Homeowner to Landlord

How does that transition from liability to asset happen? Where does the mindset change come from? Honestly, it's a huge leap. I wasn't even planning on renting that place when I did. It was mostly a domino effect. I was leaving my deployment overseas with a little cash in my pocket ready to purchase my first investment. I spent months watching videos, setting up accounts, and contacting Property Managers around Missouri. Luckily enough I had all this stuff in place when I got the call that I was wanted for an out-of-state position. 

From that point on my house turned from a loving home to a numbers game on a piece of paper. Would this house make money? Do I need to make a significant principal payment to drop my mortgage payment so I didn't slowly bleed money for the next 5 years?? This is when I learned about the process called "mortgage recasting" offered by Chase. You make a large capital investment and your payment is refigured to the new loan amount, with a $5k minimum if I remember correctly. 

I called to verify with Chase the property could be rented under their guidelines and they wouldn't call the loan, which was fine because I owned the home more than the minimum 1-year term. From there I got the property setup with the PM and they had the house listed 1 week before we moved out and tenants in place another week after that. It was a crazy time, and I certainly didn't plan for all of the expenses that could come up. I ended up being responsible for a total of 3 weeks' worth of the mortgage during that time, along with utilities and other various expenses along with the first month on our new (temporary) apartment. All in all, I was down around $2,500.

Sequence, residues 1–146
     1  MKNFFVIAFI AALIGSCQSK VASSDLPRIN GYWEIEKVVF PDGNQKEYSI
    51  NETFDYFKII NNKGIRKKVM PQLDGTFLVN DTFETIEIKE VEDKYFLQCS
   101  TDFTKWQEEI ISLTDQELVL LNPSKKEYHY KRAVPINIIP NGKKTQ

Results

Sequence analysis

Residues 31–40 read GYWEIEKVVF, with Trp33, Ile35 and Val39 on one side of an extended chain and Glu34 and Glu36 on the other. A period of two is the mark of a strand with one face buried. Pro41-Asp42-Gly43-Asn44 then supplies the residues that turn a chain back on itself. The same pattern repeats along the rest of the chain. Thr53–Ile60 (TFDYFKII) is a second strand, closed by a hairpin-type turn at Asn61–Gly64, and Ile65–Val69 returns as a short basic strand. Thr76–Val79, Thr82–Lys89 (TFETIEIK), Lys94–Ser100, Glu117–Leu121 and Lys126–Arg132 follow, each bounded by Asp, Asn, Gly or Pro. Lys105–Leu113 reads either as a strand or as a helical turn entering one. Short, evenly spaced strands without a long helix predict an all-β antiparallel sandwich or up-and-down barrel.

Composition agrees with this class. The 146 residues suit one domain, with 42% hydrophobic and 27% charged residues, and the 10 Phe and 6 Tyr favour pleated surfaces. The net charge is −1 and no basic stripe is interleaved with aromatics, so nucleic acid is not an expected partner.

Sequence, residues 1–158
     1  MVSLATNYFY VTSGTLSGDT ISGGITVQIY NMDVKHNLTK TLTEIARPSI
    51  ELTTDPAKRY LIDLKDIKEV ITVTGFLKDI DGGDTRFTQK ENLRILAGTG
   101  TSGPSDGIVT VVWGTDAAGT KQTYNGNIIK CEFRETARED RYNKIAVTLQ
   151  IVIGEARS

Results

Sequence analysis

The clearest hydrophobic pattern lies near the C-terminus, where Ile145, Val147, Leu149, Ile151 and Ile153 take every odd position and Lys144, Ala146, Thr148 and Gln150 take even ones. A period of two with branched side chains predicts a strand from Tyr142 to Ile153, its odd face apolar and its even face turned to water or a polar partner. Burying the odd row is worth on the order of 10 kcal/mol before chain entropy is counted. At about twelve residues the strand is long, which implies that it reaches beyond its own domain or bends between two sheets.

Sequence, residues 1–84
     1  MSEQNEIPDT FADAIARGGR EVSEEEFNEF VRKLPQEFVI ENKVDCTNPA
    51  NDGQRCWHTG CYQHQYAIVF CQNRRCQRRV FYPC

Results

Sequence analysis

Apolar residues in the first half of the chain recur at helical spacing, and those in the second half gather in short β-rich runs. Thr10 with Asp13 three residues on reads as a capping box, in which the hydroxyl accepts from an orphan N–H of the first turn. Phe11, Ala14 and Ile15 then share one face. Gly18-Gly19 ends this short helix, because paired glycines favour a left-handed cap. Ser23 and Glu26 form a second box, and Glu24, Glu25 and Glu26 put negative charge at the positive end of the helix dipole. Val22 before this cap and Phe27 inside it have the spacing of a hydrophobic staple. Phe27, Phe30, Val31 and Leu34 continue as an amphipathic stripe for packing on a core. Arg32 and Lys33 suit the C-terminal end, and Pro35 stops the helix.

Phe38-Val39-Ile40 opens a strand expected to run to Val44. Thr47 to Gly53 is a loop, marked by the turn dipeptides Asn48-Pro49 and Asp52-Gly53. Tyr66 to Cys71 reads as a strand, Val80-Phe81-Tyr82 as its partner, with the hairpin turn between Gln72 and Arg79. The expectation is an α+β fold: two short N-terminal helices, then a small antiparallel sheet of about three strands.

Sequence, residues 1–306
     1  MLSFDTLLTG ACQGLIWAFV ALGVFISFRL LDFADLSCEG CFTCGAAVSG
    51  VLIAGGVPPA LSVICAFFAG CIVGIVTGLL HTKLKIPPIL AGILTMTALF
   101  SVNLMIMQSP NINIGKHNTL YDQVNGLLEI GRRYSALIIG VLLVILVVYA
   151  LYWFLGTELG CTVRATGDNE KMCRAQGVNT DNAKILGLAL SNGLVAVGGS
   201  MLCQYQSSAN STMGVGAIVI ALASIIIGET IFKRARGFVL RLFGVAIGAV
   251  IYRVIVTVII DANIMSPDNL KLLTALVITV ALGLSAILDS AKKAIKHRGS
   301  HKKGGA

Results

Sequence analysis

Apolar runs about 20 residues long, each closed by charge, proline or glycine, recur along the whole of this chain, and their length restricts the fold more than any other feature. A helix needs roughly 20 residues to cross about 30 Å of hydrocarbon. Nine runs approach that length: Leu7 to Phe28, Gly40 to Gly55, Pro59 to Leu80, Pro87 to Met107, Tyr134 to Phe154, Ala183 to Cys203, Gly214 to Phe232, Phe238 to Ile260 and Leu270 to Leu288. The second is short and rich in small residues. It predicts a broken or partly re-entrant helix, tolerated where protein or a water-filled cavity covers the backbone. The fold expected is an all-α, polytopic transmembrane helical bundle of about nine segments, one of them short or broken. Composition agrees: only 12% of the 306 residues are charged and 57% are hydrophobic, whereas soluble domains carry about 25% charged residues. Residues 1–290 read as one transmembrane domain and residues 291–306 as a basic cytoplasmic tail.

Alongside that, I also thought it would be a good idea to purchase my first actual investment wasn't. Having said that, if I didn't purchase that property I wouldn't be anywhere near where I'm at now (around $133k Net Worth) so I'm extremely grateful. I ended up finalizing the loan papers on our 15-hour drive down to South Carolina, and our first purchase in the apartment was a proper printer to get the 60 pages of closing docs I had to sign and overnight back. Very stressful and tedious process.

Why do you invest if it's so stressful?

This is a question I see a lot as a real estate investor. A lot of people prefer stocks due to their safe nature and guaranteed return. Real estate is generally high risk, but usually, even on the worst day, the risk is worth the reward. I take certain precautions to eliminate risk. I always invest through brokers who have been where I'm at and are currently in a position I'd like to get to, and they know what to look for in a good property. My money is precious. Not in the sense that I need it to bring me the most possible money back, but more in the sense that I couldn't really afford to lose it.